15. Programming The Universe: Stellarium Scripting As An Inquiry Tool In Introductory College Astronomy

    NASA Astrophysics Data System (ADS)

    Baleisis, Audra; Dokter, E.; Magee, M.

    2007-12-01

    In Fall 2007, staff from Flandrau Science Center, Astronomy 101 students at Pima Community College, and their instructor collaborated in a unique education program. Using Stellarium, a free, open-source planetarium software package that can be scripted, small groups of students designed their own 2-5 minute planetarium presentation as an end of the semester project. These mini-shows were screened in the planetarium theatre at Flandrau Science Center during a public show. This poster describes the design of this program, the specific assignments and experiences that helped students successfully progress toward their goal, and lessons learned. In the process of developing their shows, students had to utilize a large range of skill sets and knowledge, such as team building, communication, organization, and critical thinking, as well as creativity. Although there exists software that might simplify the process of creating a presentation for a planetarium by providing preset functions, our decision to use Stellarium scripting was intentional. Specifically, we believe that the process of scripting a show (both conceptually and algorithmically), encouraged students to investigate the topic they were presenting more deeply. We hope to be able to repeat this program with future Astronomy 101 classes.

  16. Teaching and Learning Astronomy

    NASA Astrophysics Data System (ADS)

    Pasachoff, Jay; Percy, John

    2005-12-01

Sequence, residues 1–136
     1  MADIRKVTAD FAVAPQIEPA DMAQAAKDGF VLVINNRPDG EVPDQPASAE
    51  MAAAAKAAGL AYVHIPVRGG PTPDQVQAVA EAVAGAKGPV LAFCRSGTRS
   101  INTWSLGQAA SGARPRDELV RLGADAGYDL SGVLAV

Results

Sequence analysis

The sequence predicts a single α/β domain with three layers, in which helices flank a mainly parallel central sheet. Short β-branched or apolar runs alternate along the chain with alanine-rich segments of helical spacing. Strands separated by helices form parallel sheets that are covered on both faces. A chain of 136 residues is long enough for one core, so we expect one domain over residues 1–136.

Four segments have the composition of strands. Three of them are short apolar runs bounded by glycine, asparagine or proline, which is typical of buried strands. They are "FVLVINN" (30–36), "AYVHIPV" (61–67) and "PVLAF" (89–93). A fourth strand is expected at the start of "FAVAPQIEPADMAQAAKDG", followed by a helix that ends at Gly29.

Preface; Part I. Astronomy in the Curriculum Around the World: Preface; 1. Why astronomy is useful and should be included in the school curriculum John R. Percy; 2. Astronomy and mathematics education Rosa M. Ros; 3. Astronomy in the curriculum around the world; 4. Engaging gifted science students through astronomy Robert Hollow; 5. Poster highlights: astronomy in the curriculum around the world; Part II. Astronomy Education Research: Preface; 6. Astronomy education research down under John M. Broadfoot and Ian S. Ginns; 7. A contemporary review of K-16 astronomy education research Janelle M. Bailey and Timothy F. Slater; 8. Implementing astronomy education research Leonarda Fucili; 9. The Astronomy Education Review: report on a new journal Sidney C. Wolff and Andrew Fraknoi; 10. Poster highlights: astronomy education research; Part III. Educating Students: Preface; 11. Textbooks for K-12 astronomy Jay M. Pasachoff; 12. Distance/internet astronomy education David H. McKinnon; 13. Educating students with robotic telescopes - open discussion; 14. Poster highlights - educating students; Part IV. Educating teachers: Preface; 15. Pre-service astronomy education of teachers Mary Kay Hemenway; 16. In-service education of teachers Michèle Gerbaldi; 17. Poster highlights: educating teachers; Part V. Astronomy and Pseudoscience: Preface; 18. Astronomy, pseudoscience and rational thinking Jayant V. Narlikar; 19. Astronomical pseudosciences in North America John R. Percy and Jay M. Pasachoff; Part VI. Astronomy and Culture: Preface; 20. Teaching astronomy in other cultures: archeoastronomy Julieta Fierro; 21. Poster highlights: astronomy and culture; Part VII. Astronomy in Developing Countries: Preface; 22. Astronomy Curriculum for developing countries Case Rijsdijk; 23. Science education resources for the developing countries James C. White II; Part VIII. Public Outreach in Astronomy: Preface; 24. What makes informal education programs successful? Nahide Craig and Isabel